Complement fixation test to C burnetii
Q fever - complement fixation test; Coxiella burnetii - complement fixation test; C burnetii - complement fixation test
The complement fixation test to Coxiella burnetii (C burnetii) is a blood test that checks for infection due to bacteria called C burnetii, which causes Q fever.
How the Test is Performed
A blood sample is needed.
The sample is sent to a laboratory. There, a method called complement fixation is used to check if the body has produced substances called antibodies to a specific foreign substance (antigen), in this case, C burnetii. Antibodies defend the body against bacteria, viruses, and fungi. If the antibodies are present, they stick, or "fix" themselves, to the antigen. This is why the test is called "fixation."
How to Prepare for the Test
No special preparation is necessary for this test.
How the Test Will Feel
When the needle is inserted to draw blood, some people feel moderate pain. Others feel only a prick or stinging. Afterward, there may be some throbbing or bruising. This soon goes away.
Why the Test is Performed
This test is done to detect Q fever.
Absence of antibodies to C. burnetii is normal. It means you do not have Q fever now or in the past.
What Abnormal Results Mean
An abnormal result means you may have a current infection with C burnetii, or that you have been exposed to the bacteria in the past. People with past exposure may have antibodies, even if they are not aware that they were exposed. Further testing may be needed to distinguish between current, previous, and long-term (chronic) infection.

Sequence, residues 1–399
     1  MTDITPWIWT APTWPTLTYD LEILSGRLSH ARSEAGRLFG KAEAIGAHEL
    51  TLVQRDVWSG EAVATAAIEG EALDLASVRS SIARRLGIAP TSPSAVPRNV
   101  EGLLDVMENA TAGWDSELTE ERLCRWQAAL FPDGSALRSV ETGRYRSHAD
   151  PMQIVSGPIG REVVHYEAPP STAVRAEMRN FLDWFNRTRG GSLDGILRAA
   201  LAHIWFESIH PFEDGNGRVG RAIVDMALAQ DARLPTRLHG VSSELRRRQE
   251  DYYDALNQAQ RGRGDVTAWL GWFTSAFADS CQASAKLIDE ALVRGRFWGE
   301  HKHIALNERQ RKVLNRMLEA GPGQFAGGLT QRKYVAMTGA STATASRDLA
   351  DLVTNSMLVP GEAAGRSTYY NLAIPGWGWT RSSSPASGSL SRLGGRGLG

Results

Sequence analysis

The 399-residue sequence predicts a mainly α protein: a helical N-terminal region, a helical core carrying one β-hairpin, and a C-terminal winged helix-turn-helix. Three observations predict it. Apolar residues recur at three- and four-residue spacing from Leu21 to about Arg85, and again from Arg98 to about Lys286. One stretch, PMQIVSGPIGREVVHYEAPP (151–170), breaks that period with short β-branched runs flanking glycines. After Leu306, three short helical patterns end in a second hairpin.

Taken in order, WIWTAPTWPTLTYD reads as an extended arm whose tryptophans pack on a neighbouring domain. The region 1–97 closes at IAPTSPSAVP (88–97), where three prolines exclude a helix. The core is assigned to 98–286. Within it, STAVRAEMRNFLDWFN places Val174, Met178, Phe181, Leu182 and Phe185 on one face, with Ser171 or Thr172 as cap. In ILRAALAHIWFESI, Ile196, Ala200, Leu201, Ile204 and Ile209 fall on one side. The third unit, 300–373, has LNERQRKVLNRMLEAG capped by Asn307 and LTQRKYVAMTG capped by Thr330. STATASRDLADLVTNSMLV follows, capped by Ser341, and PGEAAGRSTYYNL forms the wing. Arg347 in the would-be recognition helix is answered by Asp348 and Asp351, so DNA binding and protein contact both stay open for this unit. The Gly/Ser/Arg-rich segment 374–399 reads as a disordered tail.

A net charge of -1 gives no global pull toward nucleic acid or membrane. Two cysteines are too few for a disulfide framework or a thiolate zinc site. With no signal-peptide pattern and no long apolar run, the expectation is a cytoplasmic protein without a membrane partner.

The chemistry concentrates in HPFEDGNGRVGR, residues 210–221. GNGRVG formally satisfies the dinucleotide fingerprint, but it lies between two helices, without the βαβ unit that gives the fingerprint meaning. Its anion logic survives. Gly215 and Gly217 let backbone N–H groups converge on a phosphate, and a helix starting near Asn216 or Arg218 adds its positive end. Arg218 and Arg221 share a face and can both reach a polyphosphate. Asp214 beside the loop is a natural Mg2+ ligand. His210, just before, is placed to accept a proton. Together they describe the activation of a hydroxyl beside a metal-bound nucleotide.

During the early stage of an illness, few antibodies may be detected. Antibody production increases during the course of an infection. For this reason, this test may be repeated several weeks after the first test.
There is little risk involved with having your blood taken. Veins and arteries vary in size from one person to another, and from one side of the body to the other. Taking blood from some people may be more difficult than from others.
Other risks associated with having blood drawn are slight, but may include:
- Excessive bleeding
- Fainting or feeling lightheaded
- Multiple punctures to locate veins
- Hematoma (blood accumulating under the skin)
- Infection (a slight risk any time the skin is broken)
Chernecky CC, Berger BJ. Complement fixation (Cf) - serum. In: Chernecky CC, Berger BJ, eds. Laboratory Tests and Diagnostic Procedures. 6th ed. St Louis, MO: Elsevier Saunders; 2013:367.
Hartzell JD, Marrie TJ, Raoult D. Coxiella burnetii (Q fever). In: Bennett JE, Dolin R, Blaser MJ, eds. Mandell, Douglas, and Bennett's Principles and Practice of Infectious Diseases. 9th ed. Philadelphia, PA: Elsevier; 2020:chap 188.
Last reviewed on: 6/20/2021
Reviewed by: Jatin M. Vyas, MD, PhD, Associate Professor in Medicine, Harvard Medical School; Associate in Medicine, Division of Infectious Disease, Department of Medicine, Massachusetts General Hospital, Boston, MA. Also reviewed by David Zieve, MD, MHA, Medical Director, Brenda Conaway, Editorial Director, and the A.D.A.M. Editorial team.